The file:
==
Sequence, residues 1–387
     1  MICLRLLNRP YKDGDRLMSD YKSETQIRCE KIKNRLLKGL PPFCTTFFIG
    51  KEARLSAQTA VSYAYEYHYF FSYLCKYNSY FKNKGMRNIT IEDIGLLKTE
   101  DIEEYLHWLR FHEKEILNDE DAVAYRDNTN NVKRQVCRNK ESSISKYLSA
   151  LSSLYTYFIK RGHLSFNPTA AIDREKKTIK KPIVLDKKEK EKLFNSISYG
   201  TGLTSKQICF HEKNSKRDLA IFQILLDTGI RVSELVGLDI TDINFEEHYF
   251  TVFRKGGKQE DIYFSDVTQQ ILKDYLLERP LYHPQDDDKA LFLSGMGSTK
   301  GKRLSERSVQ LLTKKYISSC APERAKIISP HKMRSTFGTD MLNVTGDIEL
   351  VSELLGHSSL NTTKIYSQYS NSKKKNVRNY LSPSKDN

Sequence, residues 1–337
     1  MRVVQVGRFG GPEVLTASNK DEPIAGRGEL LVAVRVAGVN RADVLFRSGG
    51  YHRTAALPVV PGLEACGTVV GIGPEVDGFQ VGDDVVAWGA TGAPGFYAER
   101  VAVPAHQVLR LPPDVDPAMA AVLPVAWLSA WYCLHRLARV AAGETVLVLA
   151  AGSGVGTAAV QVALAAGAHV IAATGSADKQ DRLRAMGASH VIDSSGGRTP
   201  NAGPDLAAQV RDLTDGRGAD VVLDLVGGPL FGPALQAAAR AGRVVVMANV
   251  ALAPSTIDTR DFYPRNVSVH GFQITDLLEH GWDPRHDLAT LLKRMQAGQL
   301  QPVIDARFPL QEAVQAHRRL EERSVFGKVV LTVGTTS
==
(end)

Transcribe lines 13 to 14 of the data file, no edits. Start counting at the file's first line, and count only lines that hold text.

   101  VAVPAHQVLR LPPDVDPAMA AVLPVAWLSA WYCLHRLARV AAGETVLVLA
   151  AGSGVGTAAV QVALAAGAHV IAATGSADKQ DRLRAMGASH VIDSSGGRTP